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Interesting and Strange Facts about Sir Arthur Conan Doyle
In the history of British literature, Sir Arthur Conan Doyle ranks highly amongst the most famous authors of all time. Mention his name, and most people will immediately think of one thing; Sir Arthur Conan Doyle equates to Sherlock Holmes.
Sir Arthur Conan Doyle was certainly much more than his most famous creation, and away from his most famous creation, his life was full of interesting and strange facts and events.
Sir Arthur Conan Doyle
It is common to see Sir Arthur Conan Doyle’s name shortened to just Conan Doyle, Conan though, was not part of his surname, and was in fact just one of his two middle names. Conan Doyle’s full name was Sir Arthur Ignatius Conan Doyle. It was only when he started his professional career that Arthur started to use Conan as part of his surname.
More interesting though is the Sir part of Sir Arthur Conan Doyle. In 1902, Conan Doyle was knighted by King Edward VII. The knighthood did not come about for his literary work as most people would presume, but because of his work in producing propaganda during the Boer War.
Conan Doyle Pamphlet
The Boer War
Just like his famous literary creation, Dr John Watson, Conan Doyle was briefly an army doctor, serving as he did during the Boer War (1899-1902), as a senior physician. Whilst in South Africa, Conan Doyle would write “The War in South Africa; Its Cause and Conduct”. This 150 page work did much to boost the image of Britain during the war. Conan Doyle would also write “The Great Boer War” during this period.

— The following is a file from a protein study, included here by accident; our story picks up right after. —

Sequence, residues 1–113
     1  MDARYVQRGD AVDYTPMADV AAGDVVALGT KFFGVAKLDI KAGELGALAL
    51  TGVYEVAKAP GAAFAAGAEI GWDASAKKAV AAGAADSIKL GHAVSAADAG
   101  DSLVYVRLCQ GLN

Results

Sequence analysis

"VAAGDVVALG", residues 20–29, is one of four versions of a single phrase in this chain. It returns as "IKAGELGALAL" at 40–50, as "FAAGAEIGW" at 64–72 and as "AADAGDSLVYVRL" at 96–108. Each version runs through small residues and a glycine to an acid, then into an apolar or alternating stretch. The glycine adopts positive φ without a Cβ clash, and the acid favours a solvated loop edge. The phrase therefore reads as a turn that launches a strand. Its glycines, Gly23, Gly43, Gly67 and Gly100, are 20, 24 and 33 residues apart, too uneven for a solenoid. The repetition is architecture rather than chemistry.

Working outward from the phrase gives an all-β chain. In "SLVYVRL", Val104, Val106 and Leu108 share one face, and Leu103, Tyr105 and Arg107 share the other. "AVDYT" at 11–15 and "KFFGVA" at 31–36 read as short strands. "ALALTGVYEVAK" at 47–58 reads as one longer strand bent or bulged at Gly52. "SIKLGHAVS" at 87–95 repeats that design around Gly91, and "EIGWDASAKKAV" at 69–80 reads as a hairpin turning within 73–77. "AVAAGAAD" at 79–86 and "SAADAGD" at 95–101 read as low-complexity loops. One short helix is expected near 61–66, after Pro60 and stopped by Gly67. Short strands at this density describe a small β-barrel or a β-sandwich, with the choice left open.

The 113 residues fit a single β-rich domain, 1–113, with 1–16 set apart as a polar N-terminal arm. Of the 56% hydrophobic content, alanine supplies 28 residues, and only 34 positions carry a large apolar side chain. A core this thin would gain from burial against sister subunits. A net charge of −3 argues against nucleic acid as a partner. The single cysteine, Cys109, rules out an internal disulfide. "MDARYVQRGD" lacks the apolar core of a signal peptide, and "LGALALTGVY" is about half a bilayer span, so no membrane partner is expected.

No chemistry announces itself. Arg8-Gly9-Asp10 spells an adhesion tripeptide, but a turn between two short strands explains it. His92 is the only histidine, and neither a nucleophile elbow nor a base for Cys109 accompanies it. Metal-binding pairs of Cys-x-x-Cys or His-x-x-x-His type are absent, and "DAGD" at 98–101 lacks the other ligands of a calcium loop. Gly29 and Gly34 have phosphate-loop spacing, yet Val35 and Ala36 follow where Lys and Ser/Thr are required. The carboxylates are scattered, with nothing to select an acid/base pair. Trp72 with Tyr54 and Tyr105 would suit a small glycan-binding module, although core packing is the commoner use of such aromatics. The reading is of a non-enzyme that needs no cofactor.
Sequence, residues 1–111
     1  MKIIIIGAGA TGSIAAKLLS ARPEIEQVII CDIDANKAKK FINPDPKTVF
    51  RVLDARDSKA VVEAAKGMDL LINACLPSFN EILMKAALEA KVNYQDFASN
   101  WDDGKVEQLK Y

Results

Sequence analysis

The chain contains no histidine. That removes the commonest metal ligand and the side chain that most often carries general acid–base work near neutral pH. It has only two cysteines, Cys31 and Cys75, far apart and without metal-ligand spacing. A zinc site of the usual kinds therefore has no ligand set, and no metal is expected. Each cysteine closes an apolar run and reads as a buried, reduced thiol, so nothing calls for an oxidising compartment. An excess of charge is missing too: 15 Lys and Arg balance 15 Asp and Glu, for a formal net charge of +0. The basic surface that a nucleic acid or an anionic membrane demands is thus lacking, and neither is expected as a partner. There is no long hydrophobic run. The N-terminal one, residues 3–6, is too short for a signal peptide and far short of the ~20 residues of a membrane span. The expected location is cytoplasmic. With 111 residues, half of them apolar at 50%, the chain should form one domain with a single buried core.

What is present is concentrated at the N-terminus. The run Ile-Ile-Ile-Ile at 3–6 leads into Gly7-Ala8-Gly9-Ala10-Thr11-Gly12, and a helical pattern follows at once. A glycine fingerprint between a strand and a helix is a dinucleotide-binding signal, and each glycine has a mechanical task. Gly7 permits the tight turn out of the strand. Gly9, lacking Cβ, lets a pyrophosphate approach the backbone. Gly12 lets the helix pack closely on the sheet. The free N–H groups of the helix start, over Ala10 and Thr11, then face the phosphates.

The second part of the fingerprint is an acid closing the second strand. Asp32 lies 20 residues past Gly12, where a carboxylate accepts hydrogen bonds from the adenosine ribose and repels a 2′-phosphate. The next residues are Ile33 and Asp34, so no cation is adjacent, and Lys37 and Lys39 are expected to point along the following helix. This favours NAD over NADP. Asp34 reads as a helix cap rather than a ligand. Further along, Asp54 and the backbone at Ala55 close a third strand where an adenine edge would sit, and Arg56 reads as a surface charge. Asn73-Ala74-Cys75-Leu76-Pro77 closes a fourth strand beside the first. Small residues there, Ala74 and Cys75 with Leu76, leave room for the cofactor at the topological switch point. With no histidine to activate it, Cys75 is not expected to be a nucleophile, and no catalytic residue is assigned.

Conan Doyle was not considered fit enough to fight during the war, and so took up the medical position in the field hospital, because by profession he was a doctor. Specifically, Conan Doyle was an eye specialist, having been an undergraduate at Edinburgh University from 1876 to 1881.
After completing his time at Edinburgh University, Conan Doyle undertook work as a ship’s doctor, ran doctor’s practices in Birmingham, Plymouth, Portsmouth and London, and he even went to Vienna briefly to continue his studying.
The south coast of England would often prove to be home to Conan Doyle, and for a long period he lived in Hindhead; and when he died of heart-attack, aged 71, in 1930, Conan Doyle was buried in Minstead.
Conan Doyle Place, Meiringen
The practices run by Conan Doyle were not particularly successful, and so Conan Doyle would often find that he had plenty of spare time to indulge in other interests, including writing and playing sport.
It is often said that Conan Doyle is one of the world’s most famous goalkeepers; Conan Doyle though played for the amateur side Portsmouth Association Football Club, and not the more famous Portsmouth FC as is often said as fact. Portsmouth FC was founded in 1898, whilst Portsmouth AFC operated from 1884 to 1896.
In 1893, Conan Doyle would briefly move to Switzerland, staying in Davos. Here he started taking part in the brand new winter sport of skiing, being one of the very first from Britain to try it. Conan Doyle would write enthusiastically about it, and is credited with starting the influx of Brits to Switzerland for winter sports.
In Meiringen, Switzerland there is a square called Conan Doyle Place; this though is not in recognition of his contribution to skiing, but because of the use of the town in the Sherlock Holmes story “The Final Problem”.
In Europe in 1911, Conan Doyle also took part in the Prinz Heinrich Fahrt (Prince Henry Tour), a road race and tour, where British cars competed with German cars. Conan Doyle would write to the Times about the warm welcome received in Germany, and the enthusiastic, often too enthusiastic, welcome from the public in England.
Conan Doyle and Family
Politics and Marriage